Put buying a home over increased superannuation, Liberal MP Tim Wilson tells government

Put buying a home over increased superannuation, Liberal MP Tim Wilson tells government

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“Most Australians don’t think it should be a choice between home ownership and super, but the reality is every dollar locked in super can’t be used to buy a home,” Mr Wilson, the chair of federal parliament’s economics committee, said.

“If Australians buy a home they can start saving for their future retirement, whereas they can’t start saving for a home from retirement”.

Several backbench MPs, including NSW senator Andrew Bragg, Jason Falinski and Dave Sharma have previously argued the government should consider an extension of its current First Home Super Saver scheme, which allows the withdrawal of voluntary super contributions up to $30,000.

Mr Wilson said it was “illogical” that a 40-year-old had $100,000 in superannuation savings but did not own their own home.

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“On the same trajectory they’ll get the pension, it’s just whether it will be gobbled up in rent, or used for a dignified retirement while owning a home,” he said.

Industry Super Australia chief executive Bernie Dean has warned any changes to the scheme would “just drive up prices and push ownership further away” as it gave people more money to bid on an asset.

He has also criticised some of the findings from a 600-page Retirement Income Review panel which suggested rather than lifting the super rate, retirees should instead sell the family home to fund their golden years.

The findings of the 10-month probe found home owners had better retirement outcomes than renters and more equity to draw down on in their old age.

“This report’s findings must be used to support sensible reforms that will grow members’ savings, not cherry-picked to support pre-conceived policy ideas that will leave people and the nation worse off,” he said.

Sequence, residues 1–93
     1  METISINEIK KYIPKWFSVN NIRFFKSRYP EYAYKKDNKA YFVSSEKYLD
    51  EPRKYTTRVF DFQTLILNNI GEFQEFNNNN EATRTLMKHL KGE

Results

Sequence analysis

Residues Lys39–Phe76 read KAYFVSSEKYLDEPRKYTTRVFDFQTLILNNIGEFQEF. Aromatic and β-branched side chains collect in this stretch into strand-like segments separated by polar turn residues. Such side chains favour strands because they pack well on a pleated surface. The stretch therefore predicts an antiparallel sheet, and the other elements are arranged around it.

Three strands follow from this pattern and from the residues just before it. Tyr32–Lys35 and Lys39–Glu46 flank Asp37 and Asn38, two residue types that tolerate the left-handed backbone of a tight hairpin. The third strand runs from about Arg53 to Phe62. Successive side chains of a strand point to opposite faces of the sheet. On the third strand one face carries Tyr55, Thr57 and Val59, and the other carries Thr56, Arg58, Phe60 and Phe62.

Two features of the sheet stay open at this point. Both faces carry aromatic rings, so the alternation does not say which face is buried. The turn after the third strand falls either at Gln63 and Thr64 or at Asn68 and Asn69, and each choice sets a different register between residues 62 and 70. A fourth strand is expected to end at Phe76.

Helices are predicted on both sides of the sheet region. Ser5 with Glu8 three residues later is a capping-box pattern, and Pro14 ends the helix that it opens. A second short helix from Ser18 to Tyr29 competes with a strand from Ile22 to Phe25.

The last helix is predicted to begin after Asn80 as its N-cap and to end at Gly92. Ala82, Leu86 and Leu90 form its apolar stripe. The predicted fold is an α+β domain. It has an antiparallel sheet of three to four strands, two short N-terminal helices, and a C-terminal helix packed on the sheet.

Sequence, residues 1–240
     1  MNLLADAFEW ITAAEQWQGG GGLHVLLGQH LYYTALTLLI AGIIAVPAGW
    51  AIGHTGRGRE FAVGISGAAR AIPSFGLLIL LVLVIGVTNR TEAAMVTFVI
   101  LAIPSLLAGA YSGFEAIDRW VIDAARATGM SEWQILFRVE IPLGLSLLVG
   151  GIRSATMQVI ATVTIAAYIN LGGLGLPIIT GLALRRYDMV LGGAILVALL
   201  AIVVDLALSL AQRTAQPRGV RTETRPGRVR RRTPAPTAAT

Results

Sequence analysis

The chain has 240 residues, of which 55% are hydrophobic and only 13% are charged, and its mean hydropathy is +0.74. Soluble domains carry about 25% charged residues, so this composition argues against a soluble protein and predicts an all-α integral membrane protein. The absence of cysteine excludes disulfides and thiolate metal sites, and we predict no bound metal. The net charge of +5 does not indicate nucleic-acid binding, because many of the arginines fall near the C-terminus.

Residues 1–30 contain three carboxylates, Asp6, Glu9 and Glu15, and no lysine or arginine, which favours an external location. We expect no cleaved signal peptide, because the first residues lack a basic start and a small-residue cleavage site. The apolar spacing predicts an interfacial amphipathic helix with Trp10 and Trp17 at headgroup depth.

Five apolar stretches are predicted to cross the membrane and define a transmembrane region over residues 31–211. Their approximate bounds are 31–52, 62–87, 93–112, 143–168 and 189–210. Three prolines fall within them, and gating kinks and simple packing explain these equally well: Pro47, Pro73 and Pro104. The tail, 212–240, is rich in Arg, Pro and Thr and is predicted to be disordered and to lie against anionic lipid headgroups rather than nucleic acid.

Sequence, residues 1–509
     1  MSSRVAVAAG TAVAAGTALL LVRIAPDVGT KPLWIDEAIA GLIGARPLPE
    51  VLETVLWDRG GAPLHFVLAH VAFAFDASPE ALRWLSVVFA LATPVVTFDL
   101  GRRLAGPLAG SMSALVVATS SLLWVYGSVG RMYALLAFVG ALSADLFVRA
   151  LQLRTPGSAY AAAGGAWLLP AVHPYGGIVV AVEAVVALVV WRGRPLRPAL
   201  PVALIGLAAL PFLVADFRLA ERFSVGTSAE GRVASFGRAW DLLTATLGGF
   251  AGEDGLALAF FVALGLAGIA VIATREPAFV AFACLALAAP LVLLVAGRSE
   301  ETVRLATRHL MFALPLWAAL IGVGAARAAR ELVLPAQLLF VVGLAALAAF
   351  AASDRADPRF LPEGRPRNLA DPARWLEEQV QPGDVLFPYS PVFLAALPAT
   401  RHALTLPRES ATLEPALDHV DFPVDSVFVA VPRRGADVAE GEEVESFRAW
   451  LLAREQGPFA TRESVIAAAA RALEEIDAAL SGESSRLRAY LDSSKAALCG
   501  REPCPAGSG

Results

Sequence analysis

Brendan Coates, the household finances program director at public policy think tank the Grattan Institute, said increasingly unaffordable housing was arguably the biggest threat to a comfortable retirement for many Australians.

But he said compulsory super was only a small driver of declining home ownership.

“There are plenty of ways that government could make housing more affordable, but few are likely to be popular,” he said.

“The most effective involve reforming planning rules to boost the supply of housing in our major cities where house prices have risen the fastest. Others involve reforming tax policies, like negative gearing and the capital gains tax discount, that inflate demand for housing, thereby raising house prices.”

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Mr Coates said the big risk in allowing Australians to access their super was that it will boost house prices further.

Opposition frontbencher Brendan O’Connor said on Sunday the Coalition could not be trusted with the superannuation system, which he said had increased the living standards of a generation of Australian retirees.

“They have never not found a reason to defer an increase to universal super,” Mr O’Connor told the ABC.

“They loathed Medicare originally, they loath universal super, and they find ways to get out of election commitments.”

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